The rise of young British athletes amid increasing competition and pressure
With Anthony Joshua’s recent victory over Wladimir Klitschko, a man who has dominated the heavyweight division for a decade, Joshua is now being lauded as a role model for youth participants in boxing.
The high-profile nature of Joshua’s sport and the global appeal of his most recent victory have helped him to reach those who may not have been initially interested in boxing, and through this broad reach he has been able to inspire kids to follow in his footsteps. This form of role model is a vital aspect of youth development in different disciplines, and Joshua is the most recent and visible manifestation of it.
Meanwhile, British cycling has been under close scrutiny this past year, with various allegations being made about the way riders have been handled.
It is undeniable that British cycling has become a competitive force in the world of cycling through the Olympic success of British athletes as well as the rise of Team Sky. This success has been carried over into the development of talented young riders who look to take up the mantle and lead the British team to further triumph.
One such rider is 21-year-old sprinter Ryan Owens.
Owens joined the British cycling system late after dropping out of Loughborough University to dedicate more time to the development of his cycling career. Since earning selection as a reserve for the Rio Olympics, Owens has gone from strength to strength, earning silver in the team sprint at the European Track Championships and narrowly missing out on the medals with a fourth place finish in the individual sprint at his first world championships appearance in Hong Kong.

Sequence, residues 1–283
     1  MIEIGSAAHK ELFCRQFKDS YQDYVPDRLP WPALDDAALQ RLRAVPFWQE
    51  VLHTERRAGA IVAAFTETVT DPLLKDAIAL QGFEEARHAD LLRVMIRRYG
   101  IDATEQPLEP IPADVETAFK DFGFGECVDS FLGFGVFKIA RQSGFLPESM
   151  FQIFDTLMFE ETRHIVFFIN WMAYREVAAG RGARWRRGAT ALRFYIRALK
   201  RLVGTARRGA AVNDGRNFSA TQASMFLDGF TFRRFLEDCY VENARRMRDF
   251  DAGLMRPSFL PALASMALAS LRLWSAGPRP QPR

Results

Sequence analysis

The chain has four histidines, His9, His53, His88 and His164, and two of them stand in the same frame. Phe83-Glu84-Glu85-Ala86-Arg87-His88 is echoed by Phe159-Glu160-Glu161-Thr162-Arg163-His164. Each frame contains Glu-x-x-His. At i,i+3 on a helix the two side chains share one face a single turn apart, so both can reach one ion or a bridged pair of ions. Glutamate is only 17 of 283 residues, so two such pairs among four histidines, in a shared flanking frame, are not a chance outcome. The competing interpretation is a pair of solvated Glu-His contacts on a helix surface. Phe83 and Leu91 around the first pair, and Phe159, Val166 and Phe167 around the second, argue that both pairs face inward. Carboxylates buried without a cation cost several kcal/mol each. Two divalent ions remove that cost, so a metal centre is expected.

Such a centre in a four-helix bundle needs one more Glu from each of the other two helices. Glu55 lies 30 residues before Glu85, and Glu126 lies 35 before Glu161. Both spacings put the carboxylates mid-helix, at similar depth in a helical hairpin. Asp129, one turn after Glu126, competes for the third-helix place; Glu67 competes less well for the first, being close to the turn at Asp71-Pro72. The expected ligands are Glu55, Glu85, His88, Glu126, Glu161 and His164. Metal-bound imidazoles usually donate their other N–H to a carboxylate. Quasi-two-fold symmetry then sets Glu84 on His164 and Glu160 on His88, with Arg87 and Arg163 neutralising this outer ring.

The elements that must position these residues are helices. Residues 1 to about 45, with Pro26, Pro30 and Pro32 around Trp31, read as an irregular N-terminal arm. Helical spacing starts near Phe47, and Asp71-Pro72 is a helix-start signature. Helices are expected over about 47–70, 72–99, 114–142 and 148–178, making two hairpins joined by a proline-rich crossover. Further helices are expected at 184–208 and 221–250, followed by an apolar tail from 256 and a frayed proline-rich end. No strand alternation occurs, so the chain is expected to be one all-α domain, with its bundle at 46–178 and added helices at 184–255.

Owens’ recent success has come from years of hard work, and also from having the right people guide him from race to race. When asked about the importance of having positive role models, Owens responded, “I have been lucky to work with some great people who have helped push me forward at each level, my experience has been a totally positive one,” adding, “there’s a reason our team is so competitive right now.”
While not as high profile as the pay per view heavyweight bouts, cycling appeals to a large audience, and as such, there are many people who watch these young athletes perform and compete in a high-pressure environment. Being under high scrutiny is not easy for anyone, and being 21 years old does not make it easier. “I just try to stay focused on what I’m here to do,” Owens said, which is not an easy task when under the microscope.
The role of a British ambassador is one that comes with representing Great Britain at any level, and for many, it is what drives them to continue to move forward. Young athletes look up to those who make the jump into the senior squad, dreaming about the day they too get called up. This creates its own kind of pressure, that of a role model. “I just try to be myself, work hard, and hopefully this is a good enough example for the younger guys,” Owens said when asked about his philosophy in guiding these younger athletes. “We have a great team from coaches to mechanics, there is a lot of support.”
Owens will keep competing for the British team, with his goal of being named to the 2020 Tokyo Olympic squad seemingly becoming more tangible by the day. Owens is just one of many talented young athletes looking to make an impression on a global stage and he will be looking to follow the super-heavyweight success of boxer Anthony Joshua by winning a medal for Team Great Britain in three years time.
Cover cartoon credit: Sergio Algeri/GYV